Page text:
Sustainable Software Development

Software is an essential technology for every company that has environmental impacts. Companies that develop software also impact the environment and have a responsibility to run a sustainable business that minimizes both its own carbon footprint and the those of its customers. Thankfully, there are many opportunities for software developers and users of software to improve their sustainability, ranging from purchasing carbon offset credits to simply turning off the computer at the end of the day. Software companies have a growing responsibility to account for their contribution to global climate change, and they can make a big difference with subtle changes in how they operate and with whom they do business – oftentimes broadening their brand appeal and saving money in the process.

Software’s Effect on Sustainability

Software and computing have become virtually synonymous with life in the 21st century. Artificial intelligence, autonomous health devices, self-driving cars, and instant wireless communication have all been brought out of the realm of science fiction and into reality thanks to the unique power of software programs. However, the many modern conveniences and economic benefits of software come with a hefty environmental price tag – primarily in the form of energy consumption. A review by the Digital Power Group estimates that computers, data centers, and networks account for roughly 10% of all electricity consumed worldwide, and this consumption is expected to increase dramatically over the next few decades as software programs become more and more interwoven with our lives and way of life. Let’s look at some of the changes that software companies can make to have a positive impact.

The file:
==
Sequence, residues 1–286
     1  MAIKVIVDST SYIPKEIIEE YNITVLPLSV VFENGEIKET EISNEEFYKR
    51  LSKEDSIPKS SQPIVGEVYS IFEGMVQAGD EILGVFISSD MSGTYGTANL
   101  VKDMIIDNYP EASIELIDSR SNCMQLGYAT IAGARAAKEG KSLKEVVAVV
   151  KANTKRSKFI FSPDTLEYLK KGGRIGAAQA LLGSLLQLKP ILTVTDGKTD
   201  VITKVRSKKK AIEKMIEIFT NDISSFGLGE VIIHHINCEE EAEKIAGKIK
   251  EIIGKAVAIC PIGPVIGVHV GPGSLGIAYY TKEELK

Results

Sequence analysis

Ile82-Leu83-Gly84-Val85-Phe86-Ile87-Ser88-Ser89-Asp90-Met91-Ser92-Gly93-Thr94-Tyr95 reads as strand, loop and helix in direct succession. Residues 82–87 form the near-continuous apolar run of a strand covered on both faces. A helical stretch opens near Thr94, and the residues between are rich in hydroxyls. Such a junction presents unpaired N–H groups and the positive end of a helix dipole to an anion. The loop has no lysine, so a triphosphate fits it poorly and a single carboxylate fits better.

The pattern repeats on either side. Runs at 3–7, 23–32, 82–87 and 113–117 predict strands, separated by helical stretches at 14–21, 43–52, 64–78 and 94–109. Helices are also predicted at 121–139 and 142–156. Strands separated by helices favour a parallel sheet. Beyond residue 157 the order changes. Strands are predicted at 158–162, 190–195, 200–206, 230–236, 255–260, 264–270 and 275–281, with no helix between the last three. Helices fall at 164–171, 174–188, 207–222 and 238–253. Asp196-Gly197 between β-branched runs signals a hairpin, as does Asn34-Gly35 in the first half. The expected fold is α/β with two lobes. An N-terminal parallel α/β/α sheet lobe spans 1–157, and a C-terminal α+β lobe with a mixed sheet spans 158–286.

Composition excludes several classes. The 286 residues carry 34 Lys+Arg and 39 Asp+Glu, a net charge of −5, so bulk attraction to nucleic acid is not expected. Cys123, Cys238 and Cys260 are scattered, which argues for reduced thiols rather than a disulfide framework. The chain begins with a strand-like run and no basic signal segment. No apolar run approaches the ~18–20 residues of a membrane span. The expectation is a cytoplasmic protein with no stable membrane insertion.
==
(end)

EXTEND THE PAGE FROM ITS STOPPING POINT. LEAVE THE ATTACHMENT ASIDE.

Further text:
Tip #1: Turn off the computers at the end of the day

Living sustainably often starts in simple places, and it doesn’t get much simpler than turning off the computer at the end of the day. Leaving computers on overnight wastes energy and money, and causes lifespan-reducing wear and tear. Check with IT staff to make sure it’s okay to turn them off, as some computers may be updating or backing up at the end of the day. Be sure to use the computer’s internal Shut Down or Power Down sequence, rather than just using the power button, to minimize the chance of a faulty power down process.

Tip #2: Use energy-efficient computer settings and equipment

Energy-efficient settings reduce the electricity consumed by a computer while it is in use. These settings will often include dimming the monitor brightness, turning off the monitor automatically when the computer has been inactive for a set amount of time, and disabling programs running in the background that eat up power (some apps are set by default to sync or refresh constantly, even when the app is closed). Furthermore, due to dramatic improvements in the energy-efficiency of computer components in recent years, newer computers will generally be able to do more with the same amount of energy. Look into upgrading if possible, but make sure that the computers being replaced are sold or donated, so as to not contribute to the already problematic global E-waste stream. If you do choose to sell or donate old computers, be sure to wipe all sensitive data from them first. Check with IT staff or look online for more information on how to safely and effectively clear the computer’s storage for sale and/or donation.

Tip #3: Operate in a LEED certified building

Working in a LEED-certified building takes some of the guesswork out of building-wide power management. The LEED system rates buildings on a points scale, ranking from Certified to Platinum based on how well they adhere to a strict set of standards that regulate how a building is built, with what materials, and how much energy the building will expectedly consume with HVAC, plumbing, etc when it is in operation. According to a report by CBRE, use of LEED and Energy Star certified buildings as commercial offices is at an all time high – with 5.2% of all office buildings in the U.S. holding a LEED certification, and 11.5% being Energy Star certified. 

Tip #4: Maintain efficient plumbing, lighting, and HVAC